How to Raise Rabbits

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When it comes to self-sufficiency, replacing the grocery store seems to be the biggest hurdle for most preppers. Gardens are most commonly thought of because we as humans collectively seem to think, ‘how hard can it be’ to dig a hole and put a seed in it? Regardless of how prevalent gardening and farming are and have been in our culture, most people do not have a garden or expect maintaining one will be quick and easy. The rude awakening comes the first year when the summer months cause weeds to grow like evil vines choking out everything that in the spring was nice and tidy. Bugs begin to eat all our tender vegetables and the idea of eating one more zucchini makes you sick. The first year of gardening can make you think that there is no way these tomatoes are worth all that effort. For us, if you consider the cost of time, materials and effort that went into our first garden I know the vegetables were about $10 a piece and many lessons were learned.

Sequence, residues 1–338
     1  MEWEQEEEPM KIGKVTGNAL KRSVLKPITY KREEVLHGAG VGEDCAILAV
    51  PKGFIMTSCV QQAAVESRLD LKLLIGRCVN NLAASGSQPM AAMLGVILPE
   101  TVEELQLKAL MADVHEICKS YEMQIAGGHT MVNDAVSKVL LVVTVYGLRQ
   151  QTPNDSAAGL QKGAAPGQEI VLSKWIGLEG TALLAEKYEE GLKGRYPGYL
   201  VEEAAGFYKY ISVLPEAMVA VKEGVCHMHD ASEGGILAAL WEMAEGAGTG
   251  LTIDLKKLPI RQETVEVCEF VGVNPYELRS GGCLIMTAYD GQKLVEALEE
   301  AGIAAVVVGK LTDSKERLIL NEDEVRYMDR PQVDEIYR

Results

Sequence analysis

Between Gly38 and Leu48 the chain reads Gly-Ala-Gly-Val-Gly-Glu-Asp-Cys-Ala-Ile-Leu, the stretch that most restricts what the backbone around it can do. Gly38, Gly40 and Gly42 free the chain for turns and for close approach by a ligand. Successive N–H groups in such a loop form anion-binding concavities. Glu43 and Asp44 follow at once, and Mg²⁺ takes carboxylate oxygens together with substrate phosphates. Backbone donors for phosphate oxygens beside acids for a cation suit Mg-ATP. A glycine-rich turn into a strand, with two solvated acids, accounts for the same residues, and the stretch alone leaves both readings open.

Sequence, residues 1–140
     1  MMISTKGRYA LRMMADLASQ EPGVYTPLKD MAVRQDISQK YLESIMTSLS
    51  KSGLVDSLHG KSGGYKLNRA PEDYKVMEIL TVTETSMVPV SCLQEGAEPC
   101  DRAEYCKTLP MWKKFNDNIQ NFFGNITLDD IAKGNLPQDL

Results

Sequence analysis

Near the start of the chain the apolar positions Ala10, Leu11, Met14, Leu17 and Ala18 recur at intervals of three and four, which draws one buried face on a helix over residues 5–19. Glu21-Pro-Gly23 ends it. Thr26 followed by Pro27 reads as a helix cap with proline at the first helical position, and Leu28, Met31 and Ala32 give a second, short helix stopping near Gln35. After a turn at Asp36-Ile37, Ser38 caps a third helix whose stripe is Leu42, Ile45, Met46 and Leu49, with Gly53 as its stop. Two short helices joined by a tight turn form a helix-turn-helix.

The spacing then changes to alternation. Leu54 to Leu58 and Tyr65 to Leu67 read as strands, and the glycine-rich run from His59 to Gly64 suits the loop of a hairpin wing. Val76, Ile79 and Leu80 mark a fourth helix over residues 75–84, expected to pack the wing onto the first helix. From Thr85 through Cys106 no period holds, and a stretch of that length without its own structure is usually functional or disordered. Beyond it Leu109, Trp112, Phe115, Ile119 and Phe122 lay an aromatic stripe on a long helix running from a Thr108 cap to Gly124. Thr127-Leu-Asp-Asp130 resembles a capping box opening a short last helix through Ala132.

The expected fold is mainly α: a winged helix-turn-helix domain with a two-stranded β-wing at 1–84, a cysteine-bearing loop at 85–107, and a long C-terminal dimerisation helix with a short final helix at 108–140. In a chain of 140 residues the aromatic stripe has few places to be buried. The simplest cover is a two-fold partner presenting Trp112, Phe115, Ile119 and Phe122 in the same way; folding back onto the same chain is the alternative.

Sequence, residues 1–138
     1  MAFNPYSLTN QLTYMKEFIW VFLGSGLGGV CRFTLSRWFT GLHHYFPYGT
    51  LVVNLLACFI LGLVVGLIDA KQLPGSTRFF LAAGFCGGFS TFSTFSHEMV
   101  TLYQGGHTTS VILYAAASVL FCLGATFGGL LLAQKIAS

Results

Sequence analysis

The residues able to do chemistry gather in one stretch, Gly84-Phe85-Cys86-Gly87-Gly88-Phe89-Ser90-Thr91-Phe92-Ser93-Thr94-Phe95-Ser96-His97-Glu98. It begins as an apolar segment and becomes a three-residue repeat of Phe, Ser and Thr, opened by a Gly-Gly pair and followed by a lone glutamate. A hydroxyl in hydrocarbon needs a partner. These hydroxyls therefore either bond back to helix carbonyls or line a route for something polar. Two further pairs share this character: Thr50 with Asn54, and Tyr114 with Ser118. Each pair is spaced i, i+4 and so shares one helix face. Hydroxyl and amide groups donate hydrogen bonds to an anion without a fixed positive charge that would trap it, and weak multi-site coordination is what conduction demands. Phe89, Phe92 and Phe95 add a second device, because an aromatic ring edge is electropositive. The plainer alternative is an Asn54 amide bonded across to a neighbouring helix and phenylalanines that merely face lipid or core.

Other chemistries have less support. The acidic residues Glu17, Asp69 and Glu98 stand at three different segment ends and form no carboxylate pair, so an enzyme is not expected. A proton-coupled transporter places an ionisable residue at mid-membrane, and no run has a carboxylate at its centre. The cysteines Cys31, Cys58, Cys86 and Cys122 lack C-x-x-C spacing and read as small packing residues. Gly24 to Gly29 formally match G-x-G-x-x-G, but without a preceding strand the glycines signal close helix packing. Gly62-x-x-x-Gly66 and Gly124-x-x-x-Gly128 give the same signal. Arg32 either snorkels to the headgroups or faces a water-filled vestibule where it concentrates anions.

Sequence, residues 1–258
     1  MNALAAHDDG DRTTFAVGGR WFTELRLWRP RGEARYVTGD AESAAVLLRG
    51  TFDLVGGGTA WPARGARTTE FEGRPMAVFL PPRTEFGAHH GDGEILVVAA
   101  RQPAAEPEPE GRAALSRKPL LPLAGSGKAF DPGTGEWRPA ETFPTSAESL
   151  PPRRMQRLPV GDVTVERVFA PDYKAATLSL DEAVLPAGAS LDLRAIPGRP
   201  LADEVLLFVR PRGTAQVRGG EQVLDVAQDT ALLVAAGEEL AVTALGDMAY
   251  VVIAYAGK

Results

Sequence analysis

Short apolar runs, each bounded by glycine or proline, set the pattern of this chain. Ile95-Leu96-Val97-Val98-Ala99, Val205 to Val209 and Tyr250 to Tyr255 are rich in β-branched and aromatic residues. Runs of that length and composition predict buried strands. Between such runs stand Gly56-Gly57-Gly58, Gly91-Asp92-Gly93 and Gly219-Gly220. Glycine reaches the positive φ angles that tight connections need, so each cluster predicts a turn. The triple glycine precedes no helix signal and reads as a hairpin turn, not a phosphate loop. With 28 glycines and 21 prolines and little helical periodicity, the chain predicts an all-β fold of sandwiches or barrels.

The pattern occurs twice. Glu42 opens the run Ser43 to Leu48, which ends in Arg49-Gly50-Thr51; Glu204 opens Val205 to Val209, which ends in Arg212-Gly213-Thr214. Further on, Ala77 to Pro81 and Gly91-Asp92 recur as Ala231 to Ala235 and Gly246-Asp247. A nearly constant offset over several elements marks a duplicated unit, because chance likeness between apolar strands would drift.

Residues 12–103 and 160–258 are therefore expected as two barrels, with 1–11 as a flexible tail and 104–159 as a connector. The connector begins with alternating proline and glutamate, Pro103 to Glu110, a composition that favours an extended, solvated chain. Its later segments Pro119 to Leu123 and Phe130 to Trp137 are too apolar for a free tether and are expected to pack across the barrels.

Having a garden that is growing and producing fresh food that your family eats is a tremendous benefit, but what about protein? Aquaponics is another growing hobby, but the initial setup can seem daunting and still requires an alternate power source. Sure, it would be nice if we all had a working farm with livestock but that simply isn’t going to happen. For one thing, most people don’t have the land or money but more importantly experience, to keep a farm going. There are ways that preppers can provide all the meat you would need to live on in a smaller and easier package. Enter the humble rabbit.

The interest in raising rabbits for meat is growing as preppers are constantly trying to find ways to feed their families in the event the local supermarket is out of commission. Once you have considered the prospect of having your own source of food, the question turns to how to raise rabbits and that is what I hope to discuss today. Raising rabbits gives you the benefit of fresh meat, but it is also healthier and devoid of the chemicals and hormones found in most grocery store meat. While you are feeding your family, they are also getting healthy food that has been raised by you so you know exactly what has been put into the food that makes it to your families table.